“Too often, very small processors feel like they’re alone out here; like no one else understands and lives our challenges. It’s a rough business to make work; it can be a highly stressful business, economically and bureaucracy-wise. NMPAN matters because it shows that together we do have a voice. It shows us that other people are living the same thing.”

– farmer/processor

The Niche Meat Processor Assistance Network is celebrating its 10th birthday.

NMPAN is a national network focused on the long-term viability of the small and mid-sized processors who are essential to the local and regional meat and poultry sectors. By connecting processors, producers, other supply chain actors, and support entities like agencies, NGOs, universities, and funders, NMPAN facilitates peer-to-peer learning, problem solving, and innovative approaches to difficult challenges.

NMPAN was created in 2008 by Lauren Gwin and Arion Thiboumery, to connect people around the country who were struggling with “the processing problem.” At the time, Thiboumery was at Iowa State University, working with small processors, and Gwin had just finished her graduate research at UC Berkeley on barriers to scaling up sustainable meat production.

“Farmers and ranchers all over the country were telling me that processing was their biggest bottleneck in getting meat to market,” Gwin said. “But Arion knew from processors that they didn’t have enough steady business to be profitable, let alone add new space or services.” People were trying to solve this problem in different ways,” she added, “but there was so much wheel reinvention. I’m against that. So we started NMPAN.”

NMPAN is a Cooperative Extension-based network, initially launched at Iowa State University and then moved to Oregon State University in 2009, where it is now housed in the Center for Small Farms & Community Food Systems. Gwin is NMPAN Director, and Thiboumery now runs his own processing plant, Vermont Packinghouse.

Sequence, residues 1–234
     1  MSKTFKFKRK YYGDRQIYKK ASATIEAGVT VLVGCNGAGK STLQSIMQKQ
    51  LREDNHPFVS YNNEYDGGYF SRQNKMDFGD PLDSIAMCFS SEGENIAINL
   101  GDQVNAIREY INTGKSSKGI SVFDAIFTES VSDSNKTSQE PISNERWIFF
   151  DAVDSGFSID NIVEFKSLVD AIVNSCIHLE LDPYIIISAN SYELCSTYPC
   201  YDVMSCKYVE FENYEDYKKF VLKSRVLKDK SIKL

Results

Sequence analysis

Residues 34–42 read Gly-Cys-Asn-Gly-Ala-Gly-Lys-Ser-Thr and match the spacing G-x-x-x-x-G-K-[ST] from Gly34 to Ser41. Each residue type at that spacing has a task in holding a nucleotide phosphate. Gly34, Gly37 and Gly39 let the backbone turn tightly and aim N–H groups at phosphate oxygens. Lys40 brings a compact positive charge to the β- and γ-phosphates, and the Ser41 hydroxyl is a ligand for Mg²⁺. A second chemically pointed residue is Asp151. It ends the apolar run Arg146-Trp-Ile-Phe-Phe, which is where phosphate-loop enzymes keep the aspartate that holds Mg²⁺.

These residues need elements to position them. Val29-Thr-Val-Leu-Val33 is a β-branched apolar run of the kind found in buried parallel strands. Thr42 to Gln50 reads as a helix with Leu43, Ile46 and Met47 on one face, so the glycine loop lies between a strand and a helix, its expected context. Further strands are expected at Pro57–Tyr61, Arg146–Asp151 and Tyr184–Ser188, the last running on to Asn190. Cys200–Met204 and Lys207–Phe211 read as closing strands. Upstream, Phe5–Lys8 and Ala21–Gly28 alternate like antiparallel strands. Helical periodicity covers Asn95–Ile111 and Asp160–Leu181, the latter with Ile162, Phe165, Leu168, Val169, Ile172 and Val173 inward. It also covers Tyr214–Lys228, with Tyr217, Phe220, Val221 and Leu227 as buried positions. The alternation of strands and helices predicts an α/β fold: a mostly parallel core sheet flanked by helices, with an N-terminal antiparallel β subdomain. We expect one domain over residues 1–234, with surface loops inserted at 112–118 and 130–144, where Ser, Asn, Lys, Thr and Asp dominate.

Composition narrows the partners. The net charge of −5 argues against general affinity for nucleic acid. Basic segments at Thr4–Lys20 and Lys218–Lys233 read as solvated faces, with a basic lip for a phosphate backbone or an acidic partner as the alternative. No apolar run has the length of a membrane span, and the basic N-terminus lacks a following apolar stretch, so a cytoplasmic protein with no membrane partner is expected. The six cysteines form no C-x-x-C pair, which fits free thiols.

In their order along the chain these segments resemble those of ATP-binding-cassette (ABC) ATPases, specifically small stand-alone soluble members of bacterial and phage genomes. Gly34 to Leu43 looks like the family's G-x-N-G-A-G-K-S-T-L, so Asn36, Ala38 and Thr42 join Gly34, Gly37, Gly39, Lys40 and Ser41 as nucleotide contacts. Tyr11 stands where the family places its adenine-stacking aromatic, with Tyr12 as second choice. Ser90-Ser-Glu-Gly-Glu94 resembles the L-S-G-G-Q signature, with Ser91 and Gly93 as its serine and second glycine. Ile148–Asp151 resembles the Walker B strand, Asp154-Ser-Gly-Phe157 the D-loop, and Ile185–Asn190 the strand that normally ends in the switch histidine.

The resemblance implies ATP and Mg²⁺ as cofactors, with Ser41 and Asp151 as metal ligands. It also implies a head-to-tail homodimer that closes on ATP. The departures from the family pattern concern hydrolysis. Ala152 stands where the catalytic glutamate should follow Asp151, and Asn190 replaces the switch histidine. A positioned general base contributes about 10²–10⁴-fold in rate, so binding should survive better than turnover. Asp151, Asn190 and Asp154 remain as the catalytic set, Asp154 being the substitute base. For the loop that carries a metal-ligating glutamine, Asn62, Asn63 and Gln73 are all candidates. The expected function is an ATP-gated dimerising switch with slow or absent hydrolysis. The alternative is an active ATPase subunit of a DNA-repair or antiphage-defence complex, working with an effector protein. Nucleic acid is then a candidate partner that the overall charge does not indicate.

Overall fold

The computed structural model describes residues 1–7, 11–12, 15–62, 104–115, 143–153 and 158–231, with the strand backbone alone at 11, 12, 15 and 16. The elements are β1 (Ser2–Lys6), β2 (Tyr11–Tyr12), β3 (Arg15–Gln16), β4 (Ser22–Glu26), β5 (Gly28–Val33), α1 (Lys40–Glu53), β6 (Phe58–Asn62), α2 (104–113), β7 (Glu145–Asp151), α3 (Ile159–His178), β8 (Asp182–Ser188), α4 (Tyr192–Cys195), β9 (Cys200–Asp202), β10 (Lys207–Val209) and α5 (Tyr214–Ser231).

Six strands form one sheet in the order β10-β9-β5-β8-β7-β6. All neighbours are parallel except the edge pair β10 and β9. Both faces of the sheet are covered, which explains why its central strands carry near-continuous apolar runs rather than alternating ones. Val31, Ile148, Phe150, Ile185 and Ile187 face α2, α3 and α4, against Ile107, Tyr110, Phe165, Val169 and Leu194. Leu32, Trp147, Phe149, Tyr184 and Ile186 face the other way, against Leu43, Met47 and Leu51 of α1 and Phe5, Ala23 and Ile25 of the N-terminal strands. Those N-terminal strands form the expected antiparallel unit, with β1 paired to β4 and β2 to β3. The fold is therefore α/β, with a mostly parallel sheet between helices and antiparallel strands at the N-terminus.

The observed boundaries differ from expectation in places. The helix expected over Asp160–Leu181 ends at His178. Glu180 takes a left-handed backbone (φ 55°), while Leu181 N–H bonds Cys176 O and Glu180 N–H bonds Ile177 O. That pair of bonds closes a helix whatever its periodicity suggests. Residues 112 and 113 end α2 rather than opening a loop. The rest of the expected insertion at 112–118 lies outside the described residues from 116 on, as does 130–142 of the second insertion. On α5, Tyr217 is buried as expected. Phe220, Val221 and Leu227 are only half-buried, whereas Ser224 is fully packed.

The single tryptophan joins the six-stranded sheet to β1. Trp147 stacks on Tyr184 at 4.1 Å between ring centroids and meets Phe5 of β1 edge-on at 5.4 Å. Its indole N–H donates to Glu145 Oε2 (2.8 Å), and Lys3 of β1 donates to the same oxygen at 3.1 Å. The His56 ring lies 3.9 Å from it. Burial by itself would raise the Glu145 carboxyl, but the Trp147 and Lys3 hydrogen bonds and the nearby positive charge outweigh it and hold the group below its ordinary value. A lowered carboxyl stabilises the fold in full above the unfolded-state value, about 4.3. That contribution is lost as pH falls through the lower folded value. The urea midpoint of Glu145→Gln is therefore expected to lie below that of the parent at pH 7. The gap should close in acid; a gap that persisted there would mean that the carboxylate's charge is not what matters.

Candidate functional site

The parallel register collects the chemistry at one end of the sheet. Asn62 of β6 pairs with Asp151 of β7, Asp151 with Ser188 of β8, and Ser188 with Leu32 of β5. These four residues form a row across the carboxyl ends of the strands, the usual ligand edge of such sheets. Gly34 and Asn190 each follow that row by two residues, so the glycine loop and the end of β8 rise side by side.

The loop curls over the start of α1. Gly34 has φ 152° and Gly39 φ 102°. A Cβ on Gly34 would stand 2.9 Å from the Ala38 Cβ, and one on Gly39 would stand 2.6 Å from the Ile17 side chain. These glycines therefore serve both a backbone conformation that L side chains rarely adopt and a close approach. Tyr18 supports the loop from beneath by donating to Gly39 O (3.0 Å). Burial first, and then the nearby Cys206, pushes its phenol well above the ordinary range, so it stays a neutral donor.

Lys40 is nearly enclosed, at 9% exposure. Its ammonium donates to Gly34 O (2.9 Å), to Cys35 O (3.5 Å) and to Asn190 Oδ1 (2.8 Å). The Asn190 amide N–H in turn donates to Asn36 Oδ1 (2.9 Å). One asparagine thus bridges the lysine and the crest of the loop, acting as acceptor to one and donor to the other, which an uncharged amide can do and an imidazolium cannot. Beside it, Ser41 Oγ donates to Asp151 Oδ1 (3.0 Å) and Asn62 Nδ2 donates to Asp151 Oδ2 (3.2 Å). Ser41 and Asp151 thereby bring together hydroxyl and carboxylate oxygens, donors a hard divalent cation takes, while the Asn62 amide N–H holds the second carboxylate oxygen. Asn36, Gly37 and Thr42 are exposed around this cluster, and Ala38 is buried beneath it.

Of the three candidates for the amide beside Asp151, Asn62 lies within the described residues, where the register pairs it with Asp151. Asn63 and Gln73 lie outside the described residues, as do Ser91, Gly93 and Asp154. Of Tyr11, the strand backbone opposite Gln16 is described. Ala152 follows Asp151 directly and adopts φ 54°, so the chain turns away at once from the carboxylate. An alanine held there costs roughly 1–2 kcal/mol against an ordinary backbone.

As part of our 10 year anniversary, NMPAN conducted an extensive evaluation of our impacts to date and the future of our work. We compiled what we learned into a short Executive Summary and a more detailed Full Report. Both are on the NMPAN website.

The primary takeaway from the assessment is that NMPAN has built a successful and useful community. Members and stakeholders feel satisfied and empowered by their participation. They believe the organization has achieved its original goals of building a national community and a developing a respected, robust resource hub.

“Every time we had a crisis... having NMPAN as a resource is amazing.”

– grass-fed beef producer and aggregator

Respondents say relationships and easy access to knowledge are the most valued benefits of the network, and the 1,200-member listserv, website, and webinars are its most used tools.

NMPAN’s biggest challenge however, is that demand for its services exceeds current capacity. Many members would like to see the organization expand so that it can do more things for more people.

Following up on the results of the evaluation, NMPAN is laying out its goals for the next 10 years which include:

  • Continue to be the hub that connects niche meat supply chain actors
  • Provide more peer-reviewed information in a multitude of formats
  • Facilitate peer-to-peer learning
  • Be a central resource for policy-makers and engage membership in policy- making
  • Continuously evaluate and adapt to stay current
  • Provide for the sustainability of the organization

“When we ran our own processing facility NMPAN was totally completely invaluable in terms of learning the ropes getting questions answered and how we should work with FSIS on how to solve common problems. I think it’s fair to say we could not have opened our own processing plant and been successful without it.”

–processor and retail butcher.

Learn more about NMPAN and join the conversation.

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